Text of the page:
Northumbrian Water pays over £1m to compensate for environmental offences

Economy & Politics | Energy & Low Carbon Industry | Legal | North East

water

Northumbrian Water has agreed a combined payment of over £1m to compensate for historic environmental offences.

The company agreed the payment with the Environment Agency. The funds will be spread across four North East locations.

Five separate Enforcement Undertakings (EU) were agreed with Northumbrian Water Limited after the company accepted responsibility for environmental offences in County Durham (West Cornforth, Crook Beck and Chilton) and Marske-by-the-Sea (Longbeck – two offences).

The acceptance of an EU offer is often a direct alternative to prosecution, in cases where the environmental impact was localised, and where the Environment Agency is satisfied that the offence wasn’t intentional.

The Environment Agency expects financial contributions to go towards environmentally focussed work located in and around the geographical area where the offences occurred.

The projects to receive donated sums include:

Chilton Primary Friends £5,000
Durham Wildlife Trust £145,000
Groundwork North East £50,000
Industry Nature Conservation Association £50,500
Marine Conservation Society £188,000

North East Environment Network £80,000
Tees Rivers Trust £253,000
Tees Valley Wildlife Trust £308,000
The Tweed Forum £15,000
Wear Rivers Trust £85,000

Fiona Morris, Environment Planning and Engagement Manager with the Environment Agency in the North East, said: “We feel Enforcement Undertakings are a more balanced response to dealing with these environmental offences. The outcome is beneficial to the environment relevant to where the offence took place. It will also help to change the behaviour of the company and focus on their activities. This approach achieves more than if the company in question had been convicted and fined.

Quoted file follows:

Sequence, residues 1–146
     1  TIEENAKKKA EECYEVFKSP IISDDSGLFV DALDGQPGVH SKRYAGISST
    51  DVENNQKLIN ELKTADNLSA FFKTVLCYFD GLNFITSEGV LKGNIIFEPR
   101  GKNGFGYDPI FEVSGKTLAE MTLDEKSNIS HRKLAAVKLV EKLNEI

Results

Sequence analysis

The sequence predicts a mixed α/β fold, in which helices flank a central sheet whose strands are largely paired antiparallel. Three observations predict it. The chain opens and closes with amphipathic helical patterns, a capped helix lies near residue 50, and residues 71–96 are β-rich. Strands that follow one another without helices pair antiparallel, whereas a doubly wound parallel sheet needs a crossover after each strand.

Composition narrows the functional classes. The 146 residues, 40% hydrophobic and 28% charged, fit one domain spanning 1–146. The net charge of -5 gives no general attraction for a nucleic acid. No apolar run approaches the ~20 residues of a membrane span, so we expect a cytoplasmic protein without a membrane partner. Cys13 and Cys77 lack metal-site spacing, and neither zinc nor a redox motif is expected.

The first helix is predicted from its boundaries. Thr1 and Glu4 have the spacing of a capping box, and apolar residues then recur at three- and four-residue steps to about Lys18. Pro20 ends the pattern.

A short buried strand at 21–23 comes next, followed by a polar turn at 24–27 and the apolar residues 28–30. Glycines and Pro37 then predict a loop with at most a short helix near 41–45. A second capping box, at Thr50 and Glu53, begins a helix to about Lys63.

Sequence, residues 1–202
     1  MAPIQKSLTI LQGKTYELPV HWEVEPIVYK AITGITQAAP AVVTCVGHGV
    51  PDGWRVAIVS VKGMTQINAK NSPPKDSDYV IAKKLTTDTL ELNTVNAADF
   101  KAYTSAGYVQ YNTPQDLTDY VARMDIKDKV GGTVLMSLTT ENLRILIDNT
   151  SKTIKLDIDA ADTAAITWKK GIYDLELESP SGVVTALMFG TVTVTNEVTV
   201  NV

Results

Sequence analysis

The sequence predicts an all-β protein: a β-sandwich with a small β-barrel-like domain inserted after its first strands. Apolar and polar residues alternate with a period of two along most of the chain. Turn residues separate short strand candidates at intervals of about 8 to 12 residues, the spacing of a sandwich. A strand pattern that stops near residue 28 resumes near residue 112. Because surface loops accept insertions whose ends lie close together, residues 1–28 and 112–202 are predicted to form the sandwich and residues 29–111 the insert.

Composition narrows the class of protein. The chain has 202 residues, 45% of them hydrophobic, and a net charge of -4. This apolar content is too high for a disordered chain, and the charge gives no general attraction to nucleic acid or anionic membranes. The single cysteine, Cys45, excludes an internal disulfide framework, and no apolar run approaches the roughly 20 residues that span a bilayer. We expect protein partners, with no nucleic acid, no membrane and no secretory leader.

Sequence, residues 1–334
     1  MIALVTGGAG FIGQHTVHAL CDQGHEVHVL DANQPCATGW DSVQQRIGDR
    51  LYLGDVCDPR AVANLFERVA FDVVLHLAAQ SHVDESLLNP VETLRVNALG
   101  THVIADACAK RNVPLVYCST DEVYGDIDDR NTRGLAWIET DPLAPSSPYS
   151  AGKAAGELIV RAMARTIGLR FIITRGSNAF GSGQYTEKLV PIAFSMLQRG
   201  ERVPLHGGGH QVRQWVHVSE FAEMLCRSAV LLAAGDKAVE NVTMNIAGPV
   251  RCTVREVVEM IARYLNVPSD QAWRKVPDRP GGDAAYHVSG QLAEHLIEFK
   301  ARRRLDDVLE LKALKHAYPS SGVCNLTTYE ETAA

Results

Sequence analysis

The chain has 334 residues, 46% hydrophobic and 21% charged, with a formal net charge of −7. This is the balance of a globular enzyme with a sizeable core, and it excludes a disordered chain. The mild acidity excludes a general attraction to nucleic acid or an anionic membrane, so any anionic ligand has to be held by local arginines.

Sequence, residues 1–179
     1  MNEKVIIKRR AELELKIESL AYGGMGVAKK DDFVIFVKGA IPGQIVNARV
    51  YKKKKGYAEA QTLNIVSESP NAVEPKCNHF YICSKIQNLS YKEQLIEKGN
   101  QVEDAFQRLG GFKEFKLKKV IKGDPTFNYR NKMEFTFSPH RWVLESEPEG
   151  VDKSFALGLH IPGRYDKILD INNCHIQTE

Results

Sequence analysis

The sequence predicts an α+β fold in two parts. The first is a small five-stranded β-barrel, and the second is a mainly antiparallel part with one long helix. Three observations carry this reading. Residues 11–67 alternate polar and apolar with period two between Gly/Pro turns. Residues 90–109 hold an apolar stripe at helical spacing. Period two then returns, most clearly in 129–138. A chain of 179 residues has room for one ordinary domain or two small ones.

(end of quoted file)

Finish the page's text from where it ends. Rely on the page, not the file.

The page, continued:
“In these cases, Northumbrian Water Limited has taken action to rectify the situation and the environment will now benefit from some great work by local charities.

“We work hard to protect people and the environment, and a clear regulatory framework with agreed standards and targets has helped to drive major environmental improvements throughout the region.”

Did you enjoy reading this content?  To get more great content like this subscribe to our magazine

Reader's Comments

Comments related to the current article

Join the conversation

1 Comment

  1. I feel these offences are unforgivable. I feel the law should say any second offence will mean their water business will be taken by the state and offered to be purchased by a more reputable water company at an attractive price.

Leave a comment

Your email address will not be published. Required fields are marked *